The present invention includes a groove type chip breaker wherein the peripheral corners of the groove are rounded not sharp. By including rounded peripheral corners at this area of the groove, the end mill achieved more than a 30 percent improvement in load versus existing groove designs. The smaller chips produced by this design also results in reduced volume of chips and a freer cutting end mill that is able to remain stable at high machine rates.

Further, in a preferred embodiment, the present invention utilizes ultra-fine micro grain tungsten carbide materials with a cobalt content which varies throughout the length of the end mill. This allows for added strength and reduced costs while at the same time allowing for the high speed applications needed in today's marketplace.

BRIEF DESCRIPTION OF THE DRAWINGS

FIG. 1 is a side view of an end mill embodying portions of the invention.

FIG. 2 is a cross-section of the helically fluted section of an end mill embodying portions of the invention.

FIG. 3 is an enlarged view of the end cutting edge of an end mill embodying portions of the invention.

FIG. 4A are enlarged portions of a side view of the terminal and upper sections of helically fluted cutting teeth embodying portions of the invention.

FIG. 4B is a side view of the helically fluted cutting teeth found in the prior art.

FIG. 5 is an enlarged cross section of the cutting edge of an end mill found in the prior art.

FIG. 6A is an enlarged cross section of the peripheral edge of a cutting tooth found near the terminal end of an end mill embodying portions of the invention.

FIG. 6B is an enlarged cross section of the tip of a cutting tooth near the upper end of the cutting section of an end mill embodying a portion of the invention.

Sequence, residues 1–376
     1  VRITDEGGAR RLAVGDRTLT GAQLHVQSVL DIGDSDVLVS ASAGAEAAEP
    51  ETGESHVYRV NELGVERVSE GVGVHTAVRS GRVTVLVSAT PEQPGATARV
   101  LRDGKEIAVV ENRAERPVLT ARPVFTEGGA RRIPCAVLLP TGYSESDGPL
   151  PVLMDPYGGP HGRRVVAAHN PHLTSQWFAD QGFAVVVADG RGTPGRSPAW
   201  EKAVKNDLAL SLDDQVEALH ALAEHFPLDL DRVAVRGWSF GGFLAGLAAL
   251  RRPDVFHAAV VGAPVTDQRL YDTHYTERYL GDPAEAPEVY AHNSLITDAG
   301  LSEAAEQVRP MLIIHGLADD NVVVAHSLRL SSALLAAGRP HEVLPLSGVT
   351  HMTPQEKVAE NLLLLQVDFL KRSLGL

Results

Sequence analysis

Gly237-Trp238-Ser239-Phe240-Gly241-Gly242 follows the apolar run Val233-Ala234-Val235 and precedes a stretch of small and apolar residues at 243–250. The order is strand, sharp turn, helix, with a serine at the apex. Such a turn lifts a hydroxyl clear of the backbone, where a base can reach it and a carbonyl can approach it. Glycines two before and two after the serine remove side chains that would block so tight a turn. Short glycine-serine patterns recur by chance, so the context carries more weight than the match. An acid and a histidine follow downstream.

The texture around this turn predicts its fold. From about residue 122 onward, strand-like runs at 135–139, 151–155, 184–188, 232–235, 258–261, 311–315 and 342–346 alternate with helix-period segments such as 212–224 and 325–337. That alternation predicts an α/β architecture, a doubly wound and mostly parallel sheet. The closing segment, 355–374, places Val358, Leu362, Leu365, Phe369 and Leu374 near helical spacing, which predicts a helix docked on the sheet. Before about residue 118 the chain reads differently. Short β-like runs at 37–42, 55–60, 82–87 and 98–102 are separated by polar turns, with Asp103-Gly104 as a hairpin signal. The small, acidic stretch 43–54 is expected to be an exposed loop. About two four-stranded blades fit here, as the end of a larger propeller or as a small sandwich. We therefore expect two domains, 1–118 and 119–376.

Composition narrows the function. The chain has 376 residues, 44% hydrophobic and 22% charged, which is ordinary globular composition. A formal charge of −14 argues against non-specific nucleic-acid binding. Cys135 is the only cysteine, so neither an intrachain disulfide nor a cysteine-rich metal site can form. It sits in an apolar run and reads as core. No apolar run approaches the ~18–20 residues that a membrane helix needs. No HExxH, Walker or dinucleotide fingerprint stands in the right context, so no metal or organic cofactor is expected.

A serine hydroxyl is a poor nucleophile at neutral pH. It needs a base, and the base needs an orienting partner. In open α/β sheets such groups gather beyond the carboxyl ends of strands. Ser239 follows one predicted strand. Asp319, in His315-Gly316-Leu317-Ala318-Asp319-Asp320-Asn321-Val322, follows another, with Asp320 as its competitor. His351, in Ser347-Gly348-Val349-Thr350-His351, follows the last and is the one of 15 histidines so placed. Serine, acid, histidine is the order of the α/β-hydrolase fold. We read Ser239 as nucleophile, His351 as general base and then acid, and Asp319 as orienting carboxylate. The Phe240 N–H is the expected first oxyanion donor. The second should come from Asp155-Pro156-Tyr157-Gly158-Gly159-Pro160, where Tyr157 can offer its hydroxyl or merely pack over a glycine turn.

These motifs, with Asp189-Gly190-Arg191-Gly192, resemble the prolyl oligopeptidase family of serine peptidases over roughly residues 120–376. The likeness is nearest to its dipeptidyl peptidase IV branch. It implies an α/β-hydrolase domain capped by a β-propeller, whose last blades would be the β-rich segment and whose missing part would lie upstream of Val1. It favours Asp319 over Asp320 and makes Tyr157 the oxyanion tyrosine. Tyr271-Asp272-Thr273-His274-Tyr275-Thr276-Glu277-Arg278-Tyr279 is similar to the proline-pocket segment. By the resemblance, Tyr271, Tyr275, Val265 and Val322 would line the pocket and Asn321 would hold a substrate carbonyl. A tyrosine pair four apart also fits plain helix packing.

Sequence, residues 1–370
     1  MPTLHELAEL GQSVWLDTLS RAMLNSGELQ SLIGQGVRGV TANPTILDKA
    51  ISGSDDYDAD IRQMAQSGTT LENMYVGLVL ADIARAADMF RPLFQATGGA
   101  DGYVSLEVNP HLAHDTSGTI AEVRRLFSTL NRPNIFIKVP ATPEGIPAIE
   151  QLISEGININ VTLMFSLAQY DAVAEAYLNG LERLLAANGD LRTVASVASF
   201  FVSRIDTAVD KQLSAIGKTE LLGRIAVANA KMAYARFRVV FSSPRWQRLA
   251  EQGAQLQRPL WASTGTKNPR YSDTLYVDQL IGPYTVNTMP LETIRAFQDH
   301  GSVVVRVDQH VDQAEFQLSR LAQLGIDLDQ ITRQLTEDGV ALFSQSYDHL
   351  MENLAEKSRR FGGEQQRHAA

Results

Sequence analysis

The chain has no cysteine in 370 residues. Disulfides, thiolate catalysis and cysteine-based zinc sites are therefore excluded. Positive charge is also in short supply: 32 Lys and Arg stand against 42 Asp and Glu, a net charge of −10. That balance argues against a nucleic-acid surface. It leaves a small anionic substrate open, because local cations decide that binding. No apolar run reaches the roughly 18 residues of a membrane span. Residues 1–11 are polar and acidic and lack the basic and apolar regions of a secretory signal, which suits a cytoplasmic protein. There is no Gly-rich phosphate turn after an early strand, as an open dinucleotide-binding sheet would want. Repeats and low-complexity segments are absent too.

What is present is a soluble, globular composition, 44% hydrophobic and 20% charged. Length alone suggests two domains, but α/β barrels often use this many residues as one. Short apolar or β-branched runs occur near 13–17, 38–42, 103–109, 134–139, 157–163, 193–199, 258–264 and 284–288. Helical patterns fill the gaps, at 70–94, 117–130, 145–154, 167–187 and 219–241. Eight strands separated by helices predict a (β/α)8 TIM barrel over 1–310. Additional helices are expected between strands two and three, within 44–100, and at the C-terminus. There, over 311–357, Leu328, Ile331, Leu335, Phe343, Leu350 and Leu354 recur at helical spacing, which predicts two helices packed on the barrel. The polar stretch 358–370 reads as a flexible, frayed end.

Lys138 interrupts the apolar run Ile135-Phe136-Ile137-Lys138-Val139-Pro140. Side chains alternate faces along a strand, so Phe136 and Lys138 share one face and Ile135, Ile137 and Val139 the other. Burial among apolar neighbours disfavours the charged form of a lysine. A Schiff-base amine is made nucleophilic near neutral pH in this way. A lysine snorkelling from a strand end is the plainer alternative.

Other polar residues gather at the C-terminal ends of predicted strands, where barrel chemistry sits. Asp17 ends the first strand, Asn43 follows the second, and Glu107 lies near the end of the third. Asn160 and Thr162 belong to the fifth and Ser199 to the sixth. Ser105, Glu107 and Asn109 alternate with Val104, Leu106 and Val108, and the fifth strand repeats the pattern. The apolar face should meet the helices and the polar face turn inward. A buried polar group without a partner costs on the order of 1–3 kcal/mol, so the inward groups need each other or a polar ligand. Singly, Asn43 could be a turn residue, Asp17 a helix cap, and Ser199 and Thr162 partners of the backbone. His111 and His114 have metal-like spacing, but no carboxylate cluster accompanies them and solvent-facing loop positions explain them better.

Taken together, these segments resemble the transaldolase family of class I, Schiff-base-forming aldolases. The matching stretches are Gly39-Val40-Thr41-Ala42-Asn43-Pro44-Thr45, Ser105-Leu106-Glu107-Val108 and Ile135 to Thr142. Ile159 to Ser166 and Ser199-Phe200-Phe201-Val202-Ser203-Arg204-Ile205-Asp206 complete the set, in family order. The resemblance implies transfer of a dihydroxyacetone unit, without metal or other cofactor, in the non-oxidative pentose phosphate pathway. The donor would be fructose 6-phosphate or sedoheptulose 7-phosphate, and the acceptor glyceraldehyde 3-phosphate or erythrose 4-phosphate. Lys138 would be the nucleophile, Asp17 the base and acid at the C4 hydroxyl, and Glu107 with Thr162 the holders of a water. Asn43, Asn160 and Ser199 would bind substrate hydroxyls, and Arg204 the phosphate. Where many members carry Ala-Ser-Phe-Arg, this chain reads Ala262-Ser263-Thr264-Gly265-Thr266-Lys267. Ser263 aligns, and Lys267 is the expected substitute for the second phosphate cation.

FIG. 7A is a cross section of the terminal end of an end mill found in the prior art.

FIG. 7B is a cross section of the terminal end of an end mill embodying a portion of the invention.

FIG. 7C is a cross section of the terminal end of an end mill embodying a portion of the invention.

FIG. 8A is a cross section of an enlarged side view of a chip breaker found in the prior art.

FIG. 8B is an enlarged cross section of a side view of a chip breaker embodying a portion of the invention.

FIG. 9 is an end view of the end cutting edge of an end mill embodying portions of the invention.

DETAILED DESCRIPTION AND PREFERRED EMBODIMENTS

An improved helical, fluted single-end end mill is preferably made from ultra-fine micro grain tungsten carbide material with a cobalt content that varies from the top of the end mill to the bottom of the end mill. The end mill has a cylindrical shank 1, at least two helically fluted cutting teeth making up the helical cutting section of said end mill 2 said cutting teeth contain a tertiary tooth face 8, a secondary tooth face 7 and a primary tooth face 6.

Said cutting teeth also include a variable margin 5. In the prior art, the margin is the unrelieved part of the periphery of the land adjacent to the cutting edge. The margin width is the distance between the cutting edge and the primary relief see, 9, measured at a right angle to the cutting edge. Margin widths in the prior art are uniform from the terminal end of the cutting teeth on the margins entire length as it spirals upward toward the shank section of the end mill 15.

In the present invention, a variable margin is achieved wherein the margin width increases uniformly from the terminal end of the cutting tooth as the margin spirals helically toward the shank section FIG. 4A. It was discovered that this variable margin on the peripheral cutting edge reduces tool deflection and catastrophic failure, thereby allowing the end mill to maintain higher speed rates throughout the length of the cut. This aspect of the invention also greatly reduces the harmonic distortion created by existing and mill cutters.

A second improvement embodied in the invention is a tooth cutting face with three relief angles and a variable core or cutting tooth depth. Modern end mills frequently include helical cutting teeth with two tooth face walls with each tooth of a uniform depth as measured from the peripheral cutting edge to the outside edge of the mill core. The present invention provides for three tooth face walls 6, 7, and 8. Tooth depth is regulated by the removal of additional portions of the mill blank such that the peripheral edge of the cutting teeth is a uniform distance throughout the cutting section while the width of the core is variable.